Today, a small assault takes place near Souchon. It is the last action in the Second Battle of Artois, a bloody offensive sputtering to a halt after gaining little ground for so much life. Joffre had hoped the campaign would reclaim the coal basin beyond Vimy Ridge, for most of France’s best iron and coal sites mines are occupied by Germany, but failed attacks by British and French divisions have proven that the allies lack enough heavy guns and high explosive shells to breach German defenses, allowing smaller numbers of defenders to slaughter entire infantry regiments during the attack. As a result of this meeting, the two countries will closely coordinate the design, manufacture, and delivery of a new generation of heavier artillery weapons. As the meeting ends, General du Cane privately expresses a change of mind to Lloyd George, who commends his honesty and hopes it will presage a new cooperative spirit among the military brass.
Thomas, Lloyd George’s French counterpart, is a former reserve division commander who was put in charge of the national railways during the opening weeks of the war. He was thereafter picked to organize the country’s factories in October, and promoted to Undersecretary in May; later this December, he will be promoted again to Sub-minister, then again a year later to Minister of Munitions, answering directly to the President and Prime Minister of France. But he will only serve in that capacity until September 1917, when he is replaced by Louis Locheur.
Thomas’s department has three main components. A technical office headed by three officers with experience at the front examines proposals and inventions, improving or rejecting them according to feasibility. Headed by a former shop floor worker, the industrial branch coordinates manufacturers, sets up and repurposes factories, finds and delivers equipment, and sorts through hundreds of patriotic offers for goods or services made by various companies. Finally, a military officer manages the nation’s pool of skilled munitions labor under military discipline rather than normal workplace rules. “There cannot be two kinds of treatment for Frenchmen,” Thomas declares, reflecting the new era of total warfare. “All are combatants.”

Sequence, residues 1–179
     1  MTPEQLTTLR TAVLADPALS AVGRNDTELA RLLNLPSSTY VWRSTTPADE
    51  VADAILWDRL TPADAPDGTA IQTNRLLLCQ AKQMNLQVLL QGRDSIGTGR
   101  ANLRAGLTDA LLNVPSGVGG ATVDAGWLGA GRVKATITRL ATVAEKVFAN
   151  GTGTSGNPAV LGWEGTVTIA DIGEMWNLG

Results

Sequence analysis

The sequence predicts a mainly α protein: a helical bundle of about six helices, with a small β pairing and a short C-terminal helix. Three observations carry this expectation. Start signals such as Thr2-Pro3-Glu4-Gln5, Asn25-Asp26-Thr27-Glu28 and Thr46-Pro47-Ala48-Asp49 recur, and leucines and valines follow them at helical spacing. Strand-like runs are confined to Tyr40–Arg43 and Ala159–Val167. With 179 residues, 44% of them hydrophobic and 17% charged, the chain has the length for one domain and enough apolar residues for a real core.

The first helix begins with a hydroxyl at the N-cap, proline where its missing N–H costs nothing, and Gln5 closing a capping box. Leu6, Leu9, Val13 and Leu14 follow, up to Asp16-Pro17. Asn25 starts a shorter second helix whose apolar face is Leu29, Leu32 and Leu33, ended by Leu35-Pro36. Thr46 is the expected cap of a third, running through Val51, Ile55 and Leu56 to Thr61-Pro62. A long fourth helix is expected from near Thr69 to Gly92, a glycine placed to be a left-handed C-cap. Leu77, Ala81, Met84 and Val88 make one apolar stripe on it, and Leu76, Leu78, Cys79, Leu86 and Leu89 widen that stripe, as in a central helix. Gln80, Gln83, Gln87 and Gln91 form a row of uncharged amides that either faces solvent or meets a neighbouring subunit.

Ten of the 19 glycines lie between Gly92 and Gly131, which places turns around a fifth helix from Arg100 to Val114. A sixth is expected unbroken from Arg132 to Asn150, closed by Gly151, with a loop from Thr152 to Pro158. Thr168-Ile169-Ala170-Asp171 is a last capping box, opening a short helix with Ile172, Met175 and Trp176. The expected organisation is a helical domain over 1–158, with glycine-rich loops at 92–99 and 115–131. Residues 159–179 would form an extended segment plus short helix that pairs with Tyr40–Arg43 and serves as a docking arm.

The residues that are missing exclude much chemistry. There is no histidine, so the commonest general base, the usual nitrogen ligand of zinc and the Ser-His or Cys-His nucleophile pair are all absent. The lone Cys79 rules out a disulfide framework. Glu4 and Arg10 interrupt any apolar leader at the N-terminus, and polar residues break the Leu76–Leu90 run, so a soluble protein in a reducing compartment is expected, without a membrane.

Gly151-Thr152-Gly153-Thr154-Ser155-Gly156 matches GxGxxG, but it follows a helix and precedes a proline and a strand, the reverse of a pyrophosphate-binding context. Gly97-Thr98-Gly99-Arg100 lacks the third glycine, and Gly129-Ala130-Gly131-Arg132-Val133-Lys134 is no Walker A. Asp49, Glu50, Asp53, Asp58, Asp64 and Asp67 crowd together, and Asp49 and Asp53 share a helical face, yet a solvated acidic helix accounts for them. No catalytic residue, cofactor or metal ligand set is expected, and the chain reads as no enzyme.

In the meantime, both men swiftly become the most powerful men in their respective countries, with direct authority over a constantly-increasing share of all economic activity. As the Ministry of Munitions official history notes in a passage that could speak for either partner in this cross-Channel relationship,
The scope of control…widened steadily and ineluctably until before the end of the war it covered practically the whole industrial life of the nation. The form of control became increasingly stringent with the progressive shortage of materials, until by the end of the war no one could start a new business or enlarge an old one except for war purposes. Everyone was liable to have buildings, plant or machinery requisitioned for more urgent work. None of the industrial metals and few raw materials could be used by anyone without Government licence. The nation concentrated all its great strength and skill on victory.
Setting out to meet their production goals in one year, the Ministers of mayhem thus start a countdown to apocalypse. The decisions made at Boulogne will make possible the massive barrages and battles during the Summer of 1916 by which we most vividly remember the Great War.